Forms of MobilizationCommunity-based participative research (popular epidemiology studies, etc..)
Creation of alternative reports/knowledge
Involvement of national and international NGOs
Official complaint letters and petitions
Public campaigns

Impacts

Environmental ImpactsVisible: Air pollution, Biodiversity loss (wildlife, agro-diversity), Food insecurity (crop damage), Loss of landscape/aesthetic degradation, Noise pollution, Soil contamination, Deforestation and loss of vegetation cover, Surface water pollution / Decreasing water (physico-chemical, biological) quality, Mine tailing spills
Potential: Waste overflow, Groundwater pollution or depletion
Health ImpactsVisible: Accidents, Mental problems including stress, depression and suicide, Deaths
OtherSeveral mine workers have died [1]
Socio-economic ImpactsVisible: Displacement, Increase in violence and crime, Lack of work security, labour absenteeism, firings, unemployment, Loss of livelihood, Loss of traditional knowledge/practices/cultures, Militarization and increased police presence, Specific impacts on women, Violations of human rights, Land dispossession, Loss of landscape/sense of place

Outcome

Project StatusIn operation
Pathways for conflict outcome / responseCompensation
Migration/displacement
New legislation
Project temporarily suspended
Compensation was insufficient, if available at all.
Do you consider this as a success?No
Why? Explain briefly.The mine and the factories were developed with severe social and environmental impacts. (The iron ore processing factory was temporarily suspended. No information on the current state of the factory could be found.)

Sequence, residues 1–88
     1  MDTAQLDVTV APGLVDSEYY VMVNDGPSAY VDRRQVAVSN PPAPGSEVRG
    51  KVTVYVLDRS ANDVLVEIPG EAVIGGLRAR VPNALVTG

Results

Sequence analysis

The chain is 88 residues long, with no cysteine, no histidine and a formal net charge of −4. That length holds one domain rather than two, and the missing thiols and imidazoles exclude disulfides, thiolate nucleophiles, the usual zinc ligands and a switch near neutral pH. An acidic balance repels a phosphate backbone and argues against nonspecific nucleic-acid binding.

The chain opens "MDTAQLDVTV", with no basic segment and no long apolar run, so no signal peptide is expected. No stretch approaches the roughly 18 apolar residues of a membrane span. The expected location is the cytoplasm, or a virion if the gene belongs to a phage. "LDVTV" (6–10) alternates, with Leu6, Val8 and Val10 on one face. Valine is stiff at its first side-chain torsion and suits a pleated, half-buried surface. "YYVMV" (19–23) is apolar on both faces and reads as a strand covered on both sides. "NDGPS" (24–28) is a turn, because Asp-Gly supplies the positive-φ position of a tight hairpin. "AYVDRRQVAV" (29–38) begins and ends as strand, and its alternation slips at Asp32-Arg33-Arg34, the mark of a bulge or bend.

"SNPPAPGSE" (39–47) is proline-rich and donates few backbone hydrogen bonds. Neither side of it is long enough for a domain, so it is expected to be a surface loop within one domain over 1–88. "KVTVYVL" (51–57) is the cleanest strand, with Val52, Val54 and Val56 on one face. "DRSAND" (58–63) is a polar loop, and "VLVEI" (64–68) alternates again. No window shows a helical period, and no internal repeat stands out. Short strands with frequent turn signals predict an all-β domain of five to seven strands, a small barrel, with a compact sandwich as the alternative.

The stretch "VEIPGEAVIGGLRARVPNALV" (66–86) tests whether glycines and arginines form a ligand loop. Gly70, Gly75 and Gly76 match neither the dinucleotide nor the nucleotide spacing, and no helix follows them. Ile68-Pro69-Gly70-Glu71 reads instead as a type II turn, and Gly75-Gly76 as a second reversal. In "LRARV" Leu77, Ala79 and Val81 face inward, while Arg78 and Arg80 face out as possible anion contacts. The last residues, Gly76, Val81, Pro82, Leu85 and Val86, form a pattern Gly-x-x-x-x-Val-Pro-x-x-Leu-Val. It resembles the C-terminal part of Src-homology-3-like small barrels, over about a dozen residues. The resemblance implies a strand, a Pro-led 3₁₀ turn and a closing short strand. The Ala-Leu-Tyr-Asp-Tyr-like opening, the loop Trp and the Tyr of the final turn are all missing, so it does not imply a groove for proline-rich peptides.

Sources and Materials

Legislations

1994 Myanmar Mines Law
https://www.ilo.org/dyn/natlex/docs/ELECTRONIC/73051/74522/F234335194/MMR73051.pdf

2012 Foreign Investment Law
http://www.burmalibrary.org/docs15/Foreign_Investment_Law-21-2012-en.pdf

2015 Environmental Impact Assessment (EIA) Procedure
http://www.myanmar-responsiblebusiness.org/resources/environmental-impact-assessment-procedures.html

2012 Environmental Conservation Law
http://www.burmalibrary.org/docs15/2012-environmental_conservation_law-PH_law-09-2012-en.pdf

References

[7] Vignat E., (2014). “Shan State in Myanmar’s Problematic Nation-building and Regional Integration: Conflict and Development”. Chapter in “Transnational Dynamics in Southeast Asia: The Greater Mekong Subregion and Malacca Straits Economic Corridors” (edited by Nathalie Fau, Sirivanh Khonthapane, Christian Taillard). pages 191-220, ISEAS Publishing, Singapore.
https://books.google.es/boks?id=unr3AwAAQBAJ&printsec=frontcover#v=onepage&q&f=false

[1] PYO 2009 "Robbing the Future: Russian-backed Mining Project Threatens Pa-O Communities in Shan State, Burma". Published by Pa-O Youth Organization (PYO) in June 2009. (accessed online 18.06.2018).
http://www.burmalibrary.org/docs07/Robbing_the_Future(en).pdf

Links

[5] Frontier Myanmar, 20 March 2017 "NLD lawmakers shutter dozens of state factories". (accessed online 18.06.2018).
https://frontiermyanmar.net/en/nld-lawmakers-shutter-dozens-of-state-factories

[4] PYO Press release embargoed for October 27, 2010 "Pa-Oh youth launch campaign to oppose damaging impacts of Burma’slargest iron mine". (accessed online 18.06.2018).
https://de.scribd.com/doc/40214222/Press-release-in-English

Wikipedia on the Pinpet Mining Project, Myanmar
https://en.wikipedia.org/wiki/Pinpet_Mining_Project